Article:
So that’s a little more progress on stitching samples!

Over the next few weeks here on Needle ‘n Thread, we’ll look at quite a few stitchy things. A little thread talk – I’ll show you another new-to-me thread – and another book, plus I’ll be reviewing an embroidery kit that would work great for folks wanting to try a little silk and goldwork on a small design. I’ve got a tutorial and some more stitching tips in the line-up, too. And I might even show you my new power tool that has taken up permanent residence in my embroidery studio. I never knew I could love a power tool so very much!

Happy Monday! I hope your week is off to a marvelous beginning!

 
 

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(13) Comments

  1. Oooh, I love the white on natural. Not that I don’t love the colorful version too, but this is suitable for different applications.

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  2. I love these! I have been looking for a small project to make for gifts for some special friends of mine, and I think the whitework initials would be the perfect gift.
    Thank you so much for your inspiration and tips and information. You are the best.

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  3. I have just been considering a “voided” or negative space approach to a piece I’m working on! This is so timely! I appreciate seeing both approaches, and I’d forgotten about palestrina stitch! It’s so lovely. Might have to use that.

    Thank you!

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  4. If you are going to add something to your photos to show the relative-size of the design, can I put in a plea for a ruler or tape-measure please? As a Brit in the U.K. I can relate to your thumb, but when North Americans put a coin to show size it’s not a great help. 🙂 Thanks Mary! (And I LOVE your all-white projects too!)

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  5. I like your idea of including something in your photographs to indicate the size of the project, but please don’t use a coin. For those of us who aren’t American and who do not travel, coin sizes are another unknown quantity.

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  6. I sometimes fall in love with even-weave fabric like the one you are using, but I have a “fix” for the problems it makes for surface stitching. I wash it and dry it by machine. Once linen has soaked in hot water, has been rinsed and spun and then put in a dryer (with something like jeans or percale sheets that have hard surfaces and do not shed), it is a changed fabric. It might be thinner, but the threads have closed up so that it is better to holds stitches that do not use a grid. If I remember to catch the fabric before it completely dries, I can lay it out flat and let it continue to dry that way. Or I can wet it, leave it in the refrigerator for a day, and iron it to give it a crisp finish again. Even after all this, I still line everything I stitch, because I need a place on the back where I can “park” my threads when I start and end things. The heavier the threads I use, the heavier the backing. Old linen napkins that are stained are perfect for this– some are washed to great thin-ness, others (particularly damask) are still heavy and keep the perles happy by giving them something to bite into and lay in place. But this is just my way of working. I wonder if there are others who use even-weave fabrics for projects other than counted work?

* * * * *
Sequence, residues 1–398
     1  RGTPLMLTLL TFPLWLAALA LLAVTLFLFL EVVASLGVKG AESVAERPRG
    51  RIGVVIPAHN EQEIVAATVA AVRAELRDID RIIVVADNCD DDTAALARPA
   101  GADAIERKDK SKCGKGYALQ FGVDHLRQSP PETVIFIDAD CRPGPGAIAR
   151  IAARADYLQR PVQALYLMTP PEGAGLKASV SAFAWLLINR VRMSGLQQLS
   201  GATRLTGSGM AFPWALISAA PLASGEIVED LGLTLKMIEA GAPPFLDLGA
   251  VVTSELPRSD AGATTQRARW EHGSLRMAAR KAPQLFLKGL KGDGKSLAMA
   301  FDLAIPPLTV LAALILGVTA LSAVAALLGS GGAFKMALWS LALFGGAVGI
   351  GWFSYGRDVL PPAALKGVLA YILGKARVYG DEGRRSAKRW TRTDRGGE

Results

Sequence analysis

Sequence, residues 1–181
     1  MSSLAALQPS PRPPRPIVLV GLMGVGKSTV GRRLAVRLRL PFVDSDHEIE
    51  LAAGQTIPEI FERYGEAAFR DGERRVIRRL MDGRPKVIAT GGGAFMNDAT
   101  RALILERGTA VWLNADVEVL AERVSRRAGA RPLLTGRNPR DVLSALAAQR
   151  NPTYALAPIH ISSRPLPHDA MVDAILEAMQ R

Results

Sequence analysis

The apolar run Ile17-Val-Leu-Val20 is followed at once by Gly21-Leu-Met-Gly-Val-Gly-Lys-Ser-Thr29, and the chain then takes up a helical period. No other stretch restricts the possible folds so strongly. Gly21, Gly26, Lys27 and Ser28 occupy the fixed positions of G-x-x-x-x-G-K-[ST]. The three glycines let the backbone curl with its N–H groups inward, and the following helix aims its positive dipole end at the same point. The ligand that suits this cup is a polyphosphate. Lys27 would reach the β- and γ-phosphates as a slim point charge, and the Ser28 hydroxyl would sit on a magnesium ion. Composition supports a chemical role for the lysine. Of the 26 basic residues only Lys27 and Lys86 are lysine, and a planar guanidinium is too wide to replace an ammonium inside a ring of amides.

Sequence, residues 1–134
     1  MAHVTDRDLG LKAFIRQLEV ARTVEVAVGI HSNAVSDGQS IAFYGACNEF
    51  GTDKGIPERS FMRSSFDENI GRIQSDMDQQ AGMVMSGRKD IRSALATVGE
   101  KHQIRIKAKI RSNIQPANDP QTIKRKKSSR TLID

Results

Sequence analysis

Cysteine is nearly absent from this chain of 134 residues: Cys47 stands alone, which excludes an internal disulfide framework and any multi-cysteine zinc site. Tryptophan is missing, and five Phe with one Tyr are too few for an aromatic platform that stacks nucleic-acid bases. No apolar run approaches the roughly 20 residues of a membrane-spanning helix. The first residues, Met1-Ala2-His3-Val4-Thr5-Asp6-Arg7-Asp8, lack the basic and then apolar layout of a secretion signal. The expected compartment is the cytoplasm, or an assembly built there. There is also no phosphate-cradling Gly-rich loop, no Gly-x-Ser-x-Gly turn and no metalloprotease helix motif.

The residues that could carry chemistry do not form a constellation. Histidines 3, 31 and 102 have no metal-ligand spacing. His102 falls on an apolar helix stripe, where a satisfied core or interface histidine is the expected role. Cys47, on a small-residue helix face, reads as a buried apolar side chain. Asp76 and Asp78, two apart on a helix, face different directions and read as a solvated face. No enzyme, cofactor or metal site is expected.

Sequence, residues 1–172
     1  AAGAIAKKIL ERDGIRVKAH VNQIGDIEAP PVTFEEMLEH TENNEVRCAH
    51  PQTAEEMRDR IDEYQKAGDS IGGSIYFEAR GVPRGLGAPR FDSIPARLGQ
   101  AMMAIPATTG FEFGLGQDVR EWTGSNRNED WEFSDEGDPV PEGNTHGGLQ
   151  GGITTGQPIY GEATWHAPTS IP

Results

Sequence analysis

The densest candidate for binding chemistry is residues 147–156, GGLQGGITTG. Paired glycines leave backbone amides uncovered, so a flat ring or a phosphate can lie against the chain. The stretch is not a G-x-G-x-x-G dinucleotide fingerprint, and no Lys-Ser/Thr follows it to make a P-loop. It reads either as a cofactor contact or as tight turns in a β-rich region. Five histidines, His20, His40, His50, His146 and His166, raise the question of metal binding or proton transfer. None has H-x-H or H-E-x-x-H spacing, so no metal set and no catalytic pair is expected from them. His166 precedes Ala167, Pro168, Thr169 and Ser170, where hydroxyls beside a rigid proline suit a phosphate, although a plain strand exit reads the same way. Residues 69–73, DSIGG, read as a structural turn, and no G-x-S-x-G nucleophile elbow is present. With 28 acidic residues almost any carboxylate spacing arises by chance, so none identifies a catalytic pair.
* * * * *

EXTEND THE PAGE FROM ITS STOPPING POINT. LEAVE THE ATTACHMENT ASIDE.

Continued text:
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  7. I too am often thinking your projects are larger than actual size and would love something for size comparison included in at least one photo of a project. How much photo editing do you do – would it work to add dimensions to the photo?

    Both of these are lovely, but have such different moods. The multi-colored one has such joyful “kick up your heels dancing in a meadow” attitude, the white on natural has “mind yer manners, this ain’t no place for foolishness” attitude.

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  8. I love both of them, Mary. The white is always so traditionally classy to me, but I love color one too. I’d say it’s a draw because I couldn’t pick just one. I need to find the time to draw out a design and leave it in my 15 min. basket. So lovely!! And I like the size too. It would make a great book or journal cover. Thanks for the inspiration.

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  9. I love both versions Mary, but I am oh so drawn to the textures of the white version! I find it fascinating how it seems to display the different character of the stitch types you’ve used together. I really do like this and particularly the play element with the stitching choices. :0